April 16, 2013

Cushing’s Disease in Dogs

cushing's disease in dogsRead the following symptoms:

  • • Urinating often
  • • Drinking and eating very often
  • • Loss of body hair
  • • Thinner skin
  • • Bumps on the skin
  • • Increased energy
  • • Weight gain

Though these are common symptoms for many pet related illnesses, they are particularly linked with Cushing’s disease in dogs. Cushing’s s the overproduction of a hormone called glucocorticosteroids, by the adrenal glands.

There are surprisingly only two known causes of the overproduction of hormones by the adrenal glands. One cause is that the pituitary gland, a gland in the brain that is directly related to the adrenal gland, triggers the overproduction. Many animal health practitioners believe that this could be related to psychological and physical stress. The second cause, and a less occurring cause, is that a tumor on the adrenal glands causes the over production. In most cases the tumor is benign, but there have been cases where the tumor is cancerous.

To treat the disease, there are conventional options where a veterinarian will prescribe medication. There are also natural options where a license practitioner will alter a pet’s diet, provide herbal supplements, or administer homeopathic drugs.

It is important to know that there is no singular way to prevent Cushing’s disease in dogs. Often, health practitioners recommend feeding your pet a nutritious diet, while also ensuring that your pet does not feel psychological or physical stress.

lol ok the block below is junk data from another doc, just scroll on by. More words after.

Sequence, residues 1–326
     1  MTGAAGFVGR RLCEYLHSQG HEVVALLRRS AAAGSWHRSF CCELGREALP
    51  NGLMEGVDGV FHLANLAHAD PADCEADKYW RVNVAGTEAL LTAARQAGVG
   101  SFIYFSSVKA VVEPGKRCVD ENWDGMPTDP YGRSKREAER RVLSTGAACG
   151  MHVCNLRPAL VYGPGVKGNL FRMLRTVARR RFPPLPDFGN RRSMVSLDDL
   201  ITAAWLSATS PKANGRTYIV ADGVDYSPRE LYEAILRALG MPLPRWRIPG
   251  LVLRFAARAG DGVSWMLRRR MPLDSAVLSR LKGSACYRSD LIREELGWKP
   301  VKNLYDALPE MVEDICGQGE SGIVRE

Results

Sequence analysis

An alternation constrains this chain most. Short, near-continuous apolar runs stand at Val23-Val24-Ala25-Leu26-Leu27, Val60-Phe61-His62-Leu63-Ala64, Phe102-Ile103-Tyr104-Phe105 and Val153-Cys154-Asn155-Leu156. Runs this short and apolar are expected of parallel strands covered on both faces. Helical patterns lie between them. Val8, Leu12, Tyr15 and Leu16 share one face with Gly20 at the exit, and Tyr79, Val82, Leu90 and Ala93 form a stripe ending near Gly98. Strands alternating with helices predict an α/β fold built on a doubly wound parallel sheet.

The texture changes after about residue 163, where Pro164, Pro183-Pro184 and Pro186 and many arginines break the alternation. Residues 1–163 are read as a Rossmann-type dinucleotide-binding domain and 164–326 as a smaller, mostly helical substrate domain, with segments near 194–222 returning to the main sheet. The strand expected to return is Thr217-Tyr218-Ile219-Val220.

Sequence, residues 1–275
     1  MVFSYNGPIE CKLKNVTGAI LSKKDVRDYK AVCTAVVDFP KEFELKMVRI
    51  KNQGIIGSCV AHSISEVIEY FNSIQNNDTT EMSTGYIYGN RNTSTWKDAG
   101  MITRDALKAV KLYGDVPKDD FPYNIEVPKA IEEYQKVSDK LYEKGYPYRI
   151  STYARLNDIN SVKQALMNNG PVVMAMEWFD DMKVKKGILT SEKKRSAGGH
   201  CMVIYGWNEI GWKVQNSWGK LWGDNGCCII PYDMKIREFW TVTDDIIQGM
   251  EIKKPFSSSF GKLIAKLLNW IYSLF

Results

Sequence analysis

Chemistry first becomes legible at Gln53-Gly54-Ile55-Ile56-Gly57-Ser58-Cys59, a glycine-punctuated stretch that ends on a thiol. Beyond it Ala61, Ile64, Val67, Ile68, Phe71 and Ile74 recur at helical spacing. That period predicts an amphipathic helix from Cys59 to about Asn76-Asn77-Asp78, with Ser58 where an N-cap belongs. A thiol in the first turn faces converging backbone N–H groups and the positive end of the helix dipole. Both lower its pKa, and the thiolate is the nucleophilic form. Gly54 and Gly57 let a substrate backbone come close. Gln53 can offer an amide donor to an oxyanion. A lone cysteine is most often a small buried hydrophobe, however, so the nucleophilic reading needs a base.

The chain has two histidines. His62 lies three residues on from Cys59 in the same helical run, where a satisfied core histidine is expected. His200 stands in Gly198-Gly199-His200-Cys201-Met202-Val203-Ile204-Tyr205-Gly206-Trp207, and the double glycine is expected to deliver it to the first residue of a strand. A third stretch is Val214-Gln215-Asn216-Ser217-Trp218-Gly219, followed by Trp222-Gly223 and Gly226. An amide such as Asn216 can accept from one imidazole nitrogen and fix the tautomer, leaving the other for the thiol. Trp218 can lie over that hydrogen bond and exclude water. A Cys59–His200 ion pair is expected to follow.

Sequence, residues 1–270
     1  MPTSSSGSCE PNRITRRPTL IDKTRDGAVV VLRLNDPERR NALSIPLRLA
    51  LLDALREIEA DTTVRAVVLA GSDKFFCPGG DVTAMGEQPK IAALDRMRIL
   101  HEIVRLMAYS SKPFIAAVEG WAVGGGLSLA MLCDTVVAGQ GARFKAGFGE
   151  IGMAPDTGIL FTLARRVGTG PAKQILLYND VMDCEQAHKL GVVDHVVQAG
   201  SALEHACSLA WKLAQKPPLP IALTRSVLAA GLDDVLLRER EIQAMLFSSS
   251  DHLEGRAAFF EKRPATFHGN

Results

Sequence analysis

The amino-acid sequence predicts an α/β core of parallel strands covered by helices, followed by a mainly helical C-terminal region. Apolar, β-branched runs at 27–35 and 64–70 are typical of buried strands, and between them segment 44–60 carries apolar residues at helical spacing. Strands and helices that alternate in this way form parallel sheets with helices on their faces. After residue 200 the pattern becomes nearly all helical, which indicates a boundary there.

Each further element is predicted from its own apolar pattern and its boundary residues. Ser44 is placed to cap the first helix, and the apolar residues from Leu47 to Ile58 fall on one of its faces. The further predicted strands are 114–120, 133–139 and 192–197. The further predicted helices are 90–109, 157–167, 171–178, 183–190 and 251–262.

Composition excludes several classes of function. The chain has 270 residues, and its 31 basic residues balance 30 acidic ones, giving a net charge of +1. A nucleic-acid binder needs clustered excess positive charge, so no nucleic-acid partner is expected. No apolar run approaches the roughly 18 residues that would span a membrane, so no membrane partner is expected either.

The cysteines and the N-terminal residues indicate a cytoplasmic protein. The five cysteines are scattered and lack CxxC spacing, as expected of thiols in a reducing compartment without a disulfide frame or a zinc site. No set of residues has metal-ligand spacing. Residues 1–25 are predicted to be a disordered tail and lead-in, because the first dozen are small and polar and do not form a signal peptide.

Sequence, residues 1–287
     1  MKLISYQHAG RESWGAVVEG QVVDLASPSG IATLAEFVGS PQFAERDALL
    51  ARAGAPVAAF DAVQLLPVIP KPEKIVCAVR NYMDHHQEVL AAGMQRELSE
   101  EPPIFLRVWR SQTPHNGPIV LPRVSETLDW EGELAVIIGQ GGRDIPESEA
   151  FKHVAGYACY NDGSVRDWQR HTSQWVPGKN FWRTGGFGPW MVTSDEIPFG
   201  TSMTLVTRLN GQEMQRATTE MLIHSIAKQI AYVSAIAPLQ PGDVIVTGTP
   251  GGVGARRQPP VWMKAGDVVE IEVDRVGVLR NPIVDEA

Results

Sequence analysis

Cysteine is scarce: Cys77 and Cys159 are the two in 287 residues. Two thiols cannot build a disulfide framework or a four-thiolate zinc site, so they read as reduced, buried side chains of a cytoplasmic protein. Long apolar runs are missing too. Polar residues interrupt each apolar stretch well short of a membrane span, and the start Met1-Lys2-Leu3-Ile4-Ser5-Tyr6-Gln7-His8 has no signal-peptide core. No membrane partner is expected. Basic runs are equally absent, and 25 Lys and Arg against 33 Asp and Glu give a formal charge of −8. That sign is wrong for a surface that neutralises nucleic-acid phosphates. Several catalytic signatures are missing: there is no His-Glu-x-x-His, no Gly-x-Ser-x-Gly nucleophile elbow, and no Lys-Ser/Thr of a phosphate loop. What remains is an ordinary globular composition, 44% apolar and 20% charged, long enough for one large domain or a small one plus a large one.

Cushing’s disease is more common in dogs than in cats. Nonetheless, if you suspect that your cat or dog has Cushing’s Disease, request your veterinarian to perform a blood test in order to check your pet’s hormone levels and adrenal functioning. Leaving Cushing’s disease untreated in your pet can lead to further health problems that may be severe.

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About Dr. Amber Reed

has written 281 posts in this blog.

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Disclaimer: CritterCures is an educational resource, and all information herein is strictly for educational purposes. It is not intended to diagnose, treat, prevent, or cure diseases, nor is it meant to replace the (prescribed) treatment or recommendations of your veterinarian or healthcare provider. Always inform your veterinarian or healthcare provider of any products that your pet are taking, including herbal remedies and supplements.